I’ve always been a visual person.

When I was six, a benign tumor called cholesteatoma overtook the mastoid bone of my right ear. After three surgeries and weeks of recovery, I was left nearly deaf on my right side. Because of my hearing loss, I’ve learned to rely on my visual senses to better understand the world around me.

This auditory limitation has been both a positive and a negative in the world of student journalism. For every time I’d be caught saying, “What?,” I could also be found at the front of the control room pulling together an animated graphic in under 20 minutes. While an undergraduate student journalist, I learned how to communicate in a noisy newsroom, advocate for myself when I missed something, and use creative graphics to highlight my visual strengths.

This graphic plays at the opening of ATVN's Monday politics segment. The art director, Julia Nguyen, created animated graphics for the show's sports, politics, and international blocks.
This graphic plays at the opening of ATVN's Monday politics segment. The art director, Julia Nguyen, created animated graphics for the show's sports, politics, and international blocks.

This semester as a producer, I’ve tried to play to my abilities and integrate more creativity into the show by designing new segment graphics. I also spend extra time each Monday ensuring our newest addition, Gone Viral, runs smoothly and really pops.

At the mid-semester point, our producing class developed a list of objectives to keep us on track with creating new and engaging content. As a student producer, you’re always working to reinforce your news judgment and learning better ways to communicate with others. Sticking to these goals gives us something to strive for each week as we work together to finalize the show. I’m a very task-oriented person, so for me, making a list of goals gives me priorities for fine-tuning my communication skills and learning how to better organize stories.

Bigger picture, better details

Having seen the progression of these shows over the semester, I’m encouraged by how the graphics we order turn out. Speaking to my goal of implementing more creativity, I wanted to create new visual elements to break up the mix of anchors and voice overs (VOs). I asked our art director if she could design graphics at the start of the politics, sports, and international segments, and they turned out great! These animated graphics have become an essential part of our show. Every week, it’s satisfying to see them roll on screen in conjunction with their short and sweet pop of music. I believe it makes the show a little smoother and adds in a fun sprinkle of color and sound.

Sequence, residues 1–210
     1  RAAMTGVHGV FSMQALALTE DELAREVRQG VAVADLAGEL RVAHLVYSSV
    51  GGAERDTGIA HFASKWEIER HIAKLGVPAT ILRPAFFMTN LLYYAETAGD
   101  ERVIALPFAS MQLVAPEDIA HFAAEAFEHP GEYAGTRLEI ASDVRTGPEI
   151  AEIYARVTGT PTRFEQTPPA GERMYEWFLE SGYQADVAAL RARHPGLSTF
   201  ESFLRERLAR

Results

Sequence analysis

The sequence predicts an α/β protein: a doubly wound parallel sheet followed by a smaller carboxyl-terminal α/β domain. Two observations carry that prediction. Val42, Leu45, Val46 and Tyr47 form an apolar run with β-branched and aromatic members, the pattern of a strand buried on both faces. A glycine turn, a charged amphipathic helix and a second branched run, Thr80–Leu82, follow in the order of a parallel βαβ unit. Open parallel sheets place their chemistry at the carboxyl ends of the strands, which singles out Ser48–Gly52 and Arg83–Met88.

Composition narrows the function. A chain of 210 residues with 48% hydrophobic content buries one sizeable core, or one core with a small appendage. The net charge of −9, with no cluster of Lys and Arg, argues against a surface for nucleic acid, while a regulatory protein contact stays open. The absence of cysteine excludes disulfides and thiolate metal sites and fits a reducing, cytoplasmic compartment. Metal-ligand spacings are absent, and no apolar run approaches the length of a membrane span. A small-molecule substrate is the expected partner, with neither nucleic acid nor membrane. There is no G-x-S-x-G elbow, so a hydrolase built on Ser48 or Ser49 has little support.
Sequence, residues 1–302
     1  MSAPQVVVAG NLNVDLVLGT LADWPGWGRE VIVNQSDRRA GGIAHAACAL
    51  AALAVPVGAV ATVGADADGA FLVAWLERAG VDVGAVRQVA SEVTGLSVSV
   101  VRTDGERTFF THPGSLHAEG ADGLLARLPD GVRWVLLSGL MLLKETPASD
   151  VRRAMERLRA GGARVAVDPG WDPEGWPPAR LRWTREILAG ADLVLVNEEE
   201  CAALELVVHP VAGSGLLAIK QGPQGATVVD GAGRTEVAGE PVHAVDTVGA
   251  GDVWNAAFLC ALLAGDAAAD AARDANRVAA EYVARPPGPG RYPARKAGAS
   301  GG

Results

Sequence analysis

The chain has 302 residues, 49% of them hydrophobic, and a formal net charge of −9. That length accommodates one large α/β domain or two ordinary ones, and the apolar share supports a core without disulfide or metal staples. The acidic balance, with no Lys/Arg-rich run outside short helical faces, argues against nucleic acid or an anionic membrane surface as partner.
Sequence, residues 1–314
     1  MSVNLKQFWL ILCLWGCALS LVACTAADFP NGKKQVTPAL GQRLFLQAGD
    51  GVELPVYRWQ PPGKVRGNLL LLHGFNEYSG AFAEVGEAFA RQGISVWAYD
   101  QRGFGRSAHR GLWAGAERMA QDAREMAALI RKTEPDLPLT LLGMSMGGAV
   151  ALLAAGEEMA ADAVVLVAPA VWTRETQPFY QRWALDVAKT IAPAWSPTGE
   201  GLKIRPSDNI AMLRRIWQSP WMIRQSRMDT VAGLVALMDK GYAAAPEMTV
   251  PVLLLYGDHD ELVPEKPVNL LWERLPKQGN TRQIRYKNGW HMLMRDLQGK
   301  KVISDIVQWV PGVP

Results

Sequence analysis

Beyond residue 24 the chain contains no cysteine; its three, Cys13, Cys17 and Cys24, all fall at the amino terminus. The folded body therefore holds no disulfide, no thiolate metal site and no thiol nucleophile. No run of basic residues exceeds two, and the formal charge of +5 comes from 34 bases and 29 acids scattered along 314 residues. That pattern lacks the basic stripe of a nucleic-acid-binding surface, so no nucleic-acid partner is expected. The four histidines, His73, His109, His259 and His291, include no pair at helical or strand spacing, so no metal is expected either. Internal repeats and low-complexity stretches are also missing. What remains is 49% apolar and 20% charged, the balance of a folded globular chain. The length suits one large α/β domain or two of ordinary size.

This past Monday, it was my turn to help as the teammate, assisting my co-producer, Anisha Banerjee, as she served as lead producer. Aside from helping Anisha, I’m also in charge of graphics and pulling visual elements together as the teammate. One of my most time-consuming tasks is to edit our newest segment, mixing graphics, music, banners, and Zoom recordings to make it look cohesive.

As a detail-oriented person, it can sometimes be more difficult to think big-picture when every story has its own nuances. That being said, looking at the broader scope when designing visuals helps you create much finer details in these graphics. You understand the story and what needs to happen to ensure viewers understand it too.

Thinking to the future, I know the skills I’m honing at USC and in our producing class will be essential for whatever job I end up in. Even if I don’t work in news, being a better communicator, looking at the bigger picture, and having a set of personal goals make you a valuable asset to any team. And having an eye for design doesn’t hurt either.